Baltimore Sun

California Chrome co-owner Steve Coburn rips Churchill Downs for treatment

After winning the 139th Preakness on Saturday, California Chrome co-owner Steve Coburn went out of his way to praise the hospitality he received while in Baltimore this week.

But he also made some pointed remarks about the way his group was treated two weeks earlier at Churchill Downs for the Kentucky Derby. While he wouldn't go into great detail, he said the treatment there factored in his co-owner Perry Martin's decision not to attend the Preakness.


"The hospitality we received at Churchill Downs wasn't very good, and Perry Martin, he decided that he and his family were going to watch the race some [other] place within the world. I can't tell you where it's at, because I don't even know where in the [heck] it's at."

Coburn mentioned Martin's family having some difficulties at the Kentucky Derby, including his 84-year-old mother not being able to get to the winner's circle.


"I honestly believe that it was a bad, bad day at Churchill," Coburn said. "Even though we won, it was a bad day for my partner and his family."

Churchill Downs has been a bit under fire recently for its assistance to those in the industry. Hall of Fame jockey Ron Turcotte issued a statement during the week of the Derby saying that the access in recent years has been inadequate for him to get around in a wheelchair.

"Being confined to a wheelchair since my racing accident in 1978, it is no easy feat to maneuver through the crowds that attend the Derby festivities," Turcotte wrote in the statement. "It becomes a nearly impossible task when there is virtually no assistance from the track."

Churchill Downs spokesman John Asher issued an apology that week, saying "we've obviously fallen short."

On Saturday night, Asher released the following statement: "We're disappointed the overall experience for the owners of California Chrome apparently did not measure up to the stellar performance of their horse in the Kentucky Derby. We have an excellent and veteran team of volunteers from throughout our community that serve as official Kentucky Derby hosts and they work tirelessly to communicate with owners and trainers and to help guide them through the Kentucky Derby Week experience.  Our team worked to satisfy the California Chrome team's needs when they were communicated to us and regret that their experience at Churchill Downs appears to have fallen short of expectations. We would certainly look forward to discussing with them any issues stemming from their Derby experience, and wish California Chrome and his team to best in their pursuit of the Triple Crown in the Belmont Stakes."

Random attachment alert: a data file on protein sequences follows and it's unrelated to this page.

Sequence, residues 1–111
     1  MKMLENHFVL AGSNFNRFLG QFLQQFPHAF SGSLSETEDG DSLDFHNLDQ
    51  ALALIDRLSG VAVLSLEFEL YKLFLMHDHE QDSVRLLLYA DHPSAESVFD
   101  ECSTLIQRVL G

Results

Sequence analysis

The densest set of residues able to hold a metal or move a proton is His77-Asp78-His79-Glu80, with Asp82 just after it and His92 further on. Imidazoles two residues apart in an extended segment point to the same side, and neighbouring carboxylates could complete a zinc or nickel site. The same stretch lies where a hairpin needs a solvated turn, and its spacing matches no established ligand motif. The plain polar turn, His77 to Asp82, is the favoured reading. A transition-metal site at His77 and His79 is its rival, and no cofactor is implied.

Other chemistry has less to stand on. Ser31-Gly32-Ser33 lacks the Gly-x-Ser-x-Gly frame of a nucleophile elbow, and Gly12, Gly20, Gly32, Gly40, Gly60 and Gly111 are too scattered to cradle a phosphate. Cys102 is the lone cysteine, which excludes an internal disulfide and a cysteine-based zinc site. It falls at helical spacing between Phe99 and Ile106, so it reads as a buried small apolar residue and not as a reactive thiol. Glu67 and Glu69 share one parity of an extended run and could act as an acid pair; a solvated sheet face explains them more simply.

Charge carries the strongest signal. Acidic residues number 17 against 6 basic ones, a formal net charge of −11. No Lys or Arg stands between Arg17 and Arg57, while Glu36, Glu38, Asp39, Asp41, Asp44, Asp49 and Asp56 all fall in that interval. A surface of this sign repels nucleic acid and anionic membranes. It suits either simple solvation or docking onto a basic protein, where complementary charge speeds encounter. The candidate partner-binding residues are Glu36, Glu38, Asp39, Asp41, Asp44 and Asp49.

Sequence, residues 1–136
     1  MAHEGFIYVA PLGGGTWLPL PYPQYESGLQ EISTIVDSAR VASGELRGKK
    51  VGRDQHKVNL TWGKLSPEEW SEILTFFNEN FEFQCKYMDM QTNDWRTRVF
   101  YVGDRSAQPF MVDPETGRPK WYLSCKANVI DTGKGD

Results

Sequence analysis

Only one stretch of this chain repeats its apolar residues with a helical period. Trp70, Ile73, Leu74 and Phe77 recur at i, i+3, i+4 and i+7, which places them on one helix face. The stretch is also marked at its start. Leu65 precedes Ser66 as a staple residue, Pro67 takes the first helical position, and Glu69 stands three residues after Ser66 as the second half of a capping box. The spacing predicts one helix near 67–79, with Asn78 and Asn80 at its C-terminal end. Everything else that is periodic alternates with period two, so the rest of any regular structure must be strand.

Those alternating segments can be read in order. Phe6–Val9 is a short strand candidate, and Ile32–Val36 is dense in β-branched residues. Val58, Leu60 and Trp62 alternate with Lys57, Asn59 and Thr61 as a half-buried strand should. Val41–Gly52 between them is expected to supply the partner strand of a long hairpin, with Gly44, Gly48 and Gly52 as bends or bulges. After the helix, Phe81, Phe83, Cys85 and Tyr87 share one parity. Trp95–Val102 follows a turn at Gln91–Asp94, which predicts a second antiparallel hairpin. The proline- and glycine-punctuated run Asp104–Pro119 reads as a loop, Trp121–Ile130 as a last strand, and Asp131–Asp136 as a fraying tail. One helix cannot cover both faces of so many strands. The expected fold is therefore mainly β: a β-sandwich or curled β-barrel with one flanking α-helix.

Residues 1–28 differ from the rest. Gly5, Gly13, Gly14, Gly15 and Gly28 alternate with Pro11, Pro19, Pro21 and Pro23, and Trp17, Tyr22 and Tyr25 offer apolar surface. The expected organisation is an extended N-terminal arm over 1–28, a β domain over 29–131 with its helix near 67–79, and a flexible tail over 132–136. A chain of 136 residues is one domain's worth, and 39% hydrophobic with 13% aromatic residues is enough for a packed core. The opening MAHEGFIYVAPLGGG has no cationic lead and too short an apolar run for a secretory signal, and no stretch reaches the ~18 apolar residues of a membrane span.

Coburn said after Saturday's Preakness that the Louisville track could take a lesson from the Maryland Jockey Club.

"I'm serious as a heart attack," he said. "Because you know what? We got to Churchill and not only did I complain, but there were other trainers and owners, and even the jockeys were complaining about the way they were treated. I've said this once, I've said it 50 times, Churchill Downs needs to call Maryland to get a lesson in hospitality. Because these people right here, they've treated us like we're royalty, and I can't say thank you enough."

Throughout the process, Coburn has been the outspoken half of California Chrome's ownership duo, with Martin preferring to remain in the background.


Wearing his trademark cowboy hat after Saturday's race, Coburn said he'll be among many pushing Martin to be in New York for the Belmont Stakes on June 7, as California Chrome runs for horse racing's first Triple Crown since 1978.

"We'll drag his butt to Belmont if he doesn't want to show up on his own, so I'm hoping he will," Coburn said. "He's missing out on a lot of fun."